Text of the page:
Plays a crucial leadership role in the international system and is able to gain the allegiance of other states. Within its sphere of influence, a superpower can impose its political will on smaller states with relative impunity. Not only does a superpower have the capacity to project effective military power far from its territory, but it also has enormous military resources at its disposal. A superpower has special duties with respect to the maintenance of international order and holds a privileged status in international organizations such as the United Nations (UN).


46 Great Powers The most influential states in the international system at any one time. The very definition of what constitutes a great power is a matter of some debate. It implies the existence of a club with some rule of membership. Great powers were at the front rank in terms of military strength and were recognised to have certain rights and duties regarding international peace and security.


48 Diplomacy In a broad sense, diplomacy is the entire process through which states conduct their foreign relations. States communicate, bargain, influence one another, and adjust their differences through diplomacy. In a more narrow sense, diplomacy is the implementation of foreign policy, as distinct from the process of policy formation. Diplomacy has two faces: 1) The vehicle through which a state asserts itself and represents its concerns to the world 2) One of the principal means for conciliating competing national interests.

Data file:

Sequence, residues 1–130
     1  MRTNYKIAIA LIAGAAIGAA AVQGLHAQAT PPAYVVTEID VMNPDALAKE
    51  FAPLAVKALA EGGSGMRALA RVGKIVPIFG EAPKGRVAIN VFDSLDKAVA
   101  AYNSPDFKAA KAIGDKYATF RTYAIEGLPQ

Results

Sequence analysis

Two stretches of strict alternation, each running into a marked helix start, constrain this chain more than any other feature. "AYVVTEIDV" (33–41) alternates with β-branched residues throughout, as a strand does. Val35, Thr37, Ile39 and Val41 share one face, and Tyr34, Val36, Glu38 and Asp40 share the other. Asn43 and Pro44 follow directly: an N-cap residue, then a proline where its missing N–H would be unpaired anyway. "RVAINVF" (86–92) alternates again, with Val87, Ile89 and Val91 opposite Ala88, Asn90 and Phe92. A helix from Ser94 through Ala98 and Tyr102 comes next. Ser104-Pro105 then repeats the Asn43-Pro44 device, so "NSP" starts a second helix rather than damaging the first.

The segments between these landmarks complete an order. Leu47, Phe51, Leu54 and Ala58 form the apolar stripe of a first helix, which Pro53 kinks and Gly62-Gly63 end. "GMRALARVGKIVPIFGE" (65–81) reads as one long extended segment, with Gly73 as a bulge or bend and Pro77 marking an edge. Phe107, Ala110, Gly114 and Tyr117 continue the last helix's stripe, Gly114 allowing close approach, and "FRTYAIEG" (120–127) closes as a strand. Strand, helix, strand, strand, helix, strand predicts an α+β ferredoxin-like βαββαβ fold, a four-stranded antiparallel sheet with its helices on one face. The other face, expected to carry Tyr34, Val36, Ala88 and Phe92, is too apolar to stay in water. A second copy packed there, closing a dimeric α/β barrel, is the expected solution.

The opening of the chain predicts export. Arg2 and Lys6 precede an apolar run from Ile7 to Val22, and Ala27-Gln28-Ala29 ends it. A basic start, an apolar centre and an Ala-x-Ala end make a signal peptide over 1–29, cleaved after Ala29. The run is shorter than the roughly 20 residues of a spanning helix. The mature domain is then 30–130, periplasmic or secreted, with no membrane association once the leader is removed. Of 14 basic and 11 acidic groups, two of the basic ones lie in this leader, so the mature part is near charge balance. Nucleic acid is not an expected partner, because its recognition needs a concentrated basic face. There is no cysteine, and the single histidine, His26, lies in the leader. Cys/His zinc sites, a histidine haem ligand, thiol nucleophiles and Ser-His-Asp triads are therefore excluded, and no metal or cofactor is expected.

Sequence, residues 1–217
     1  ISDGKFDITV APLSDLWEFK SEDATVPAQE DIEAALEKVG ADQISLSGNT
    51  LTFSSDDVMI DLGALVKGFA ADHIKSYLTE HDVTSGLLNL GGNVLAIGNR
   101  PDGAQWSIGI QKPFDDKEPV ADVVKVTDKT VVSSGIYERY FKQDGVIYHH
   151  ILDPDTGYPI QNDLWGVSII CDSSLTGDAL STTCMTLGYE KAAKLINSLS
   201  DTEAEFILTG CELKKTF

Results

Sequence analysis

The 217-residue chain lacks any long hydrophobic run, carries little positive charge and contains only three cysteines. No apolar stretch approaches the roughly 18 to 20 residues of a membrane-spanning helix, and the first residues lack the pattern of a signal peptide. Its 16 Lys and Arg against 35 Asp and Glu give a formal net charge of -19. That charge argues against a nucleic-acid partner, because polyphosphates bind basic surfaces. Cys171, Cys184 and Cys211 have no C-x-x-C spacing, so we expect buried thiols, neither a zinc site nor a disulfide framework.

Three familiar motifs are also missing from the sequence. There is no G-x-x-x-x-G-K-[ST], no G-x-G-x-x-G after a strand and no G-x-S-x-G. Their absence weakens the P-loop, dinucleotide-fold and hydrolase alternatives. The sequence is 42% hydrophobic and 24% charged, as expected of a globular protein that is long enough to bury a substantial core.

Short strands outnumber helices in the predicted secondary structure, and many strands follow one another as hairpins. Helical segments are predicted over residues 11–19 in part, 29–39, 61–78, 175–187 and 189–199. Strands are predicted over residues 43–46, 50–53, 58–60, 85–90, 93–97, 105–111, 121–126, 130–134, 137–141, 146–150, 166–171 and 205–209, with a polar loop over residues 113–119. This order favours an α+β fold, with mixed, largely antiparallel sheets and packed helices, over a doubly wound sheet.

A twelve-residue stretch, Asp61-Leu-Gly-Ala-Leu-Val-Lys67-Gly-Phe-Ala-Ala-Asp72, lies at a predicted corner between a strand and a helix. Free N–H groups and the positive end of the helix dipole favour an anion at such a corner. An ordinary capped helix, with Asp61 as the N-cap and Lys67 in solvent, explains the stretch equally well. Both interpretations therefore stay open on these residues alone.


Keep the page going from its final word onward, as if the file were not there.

49 Anarchy International politics is said to be anarchical because no single state or coalition of states has absolute control over the entire system. the absence of a supreme power capable of enforcing order across the entire system means that individual states are in a permanent state of insecurity and must be prepared to do whatever they can to survive in this hostile self-help environment. The relationship between anarchy and war, then, is extremely close.

50 Is there a problem with this ‘ state-centric’ scene of IR?

51 Thanks